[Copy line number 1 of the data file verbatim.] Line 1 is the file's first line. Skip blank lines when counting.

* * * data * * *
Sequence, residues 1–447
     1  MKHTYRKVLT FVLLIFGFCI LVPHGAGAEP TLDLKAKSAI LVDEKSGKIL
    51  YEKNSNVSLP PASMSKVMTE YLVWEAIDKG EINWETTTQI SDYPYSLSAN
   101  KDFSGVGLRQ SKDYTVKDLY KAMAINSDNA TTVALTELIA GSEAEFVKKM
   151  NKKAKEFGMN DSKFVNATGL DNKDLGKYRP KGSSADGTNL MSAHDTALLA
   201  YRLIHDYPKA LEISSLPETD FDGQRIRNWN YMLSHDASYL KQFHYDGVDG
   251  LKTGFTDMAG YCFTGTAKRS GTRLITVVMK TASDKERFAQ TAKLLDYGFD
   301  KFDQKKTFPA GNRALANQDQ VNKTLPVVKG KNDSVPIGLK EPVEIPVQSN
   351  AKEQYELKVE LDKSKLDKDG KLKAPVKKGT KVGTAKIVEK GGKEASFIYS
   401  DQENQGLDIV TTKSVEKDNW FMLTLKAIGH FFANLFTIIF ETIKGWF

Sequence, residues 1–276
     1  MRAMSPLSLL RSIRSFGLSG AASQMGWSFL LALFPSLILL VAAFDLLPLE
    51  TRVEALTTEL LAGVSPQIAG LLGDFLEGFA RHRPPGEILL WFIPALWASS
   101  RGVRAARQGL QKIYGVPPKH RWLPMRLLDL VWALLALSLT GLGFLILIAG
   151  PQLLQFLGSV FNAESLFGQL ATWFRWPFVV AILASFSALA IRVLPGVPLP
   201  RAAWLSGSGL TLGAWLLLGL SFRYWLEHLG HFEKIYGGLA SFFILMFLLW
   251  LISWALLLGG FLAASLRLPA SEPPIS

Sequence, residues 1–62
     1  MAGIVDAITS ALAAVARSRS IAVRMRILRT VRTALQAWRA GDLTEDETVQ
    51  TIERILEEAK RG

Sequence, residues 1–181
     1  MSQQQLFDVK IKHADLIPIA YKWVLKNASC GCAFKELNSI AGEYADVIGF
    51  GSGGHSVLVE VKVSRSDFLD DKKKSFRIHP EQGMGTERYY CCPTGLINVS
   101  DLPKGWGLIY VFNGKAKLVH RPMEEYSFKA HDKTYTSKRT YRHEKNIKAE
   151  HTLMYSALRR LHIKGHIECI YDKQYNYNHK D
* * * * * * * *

Sequence, residues 1–447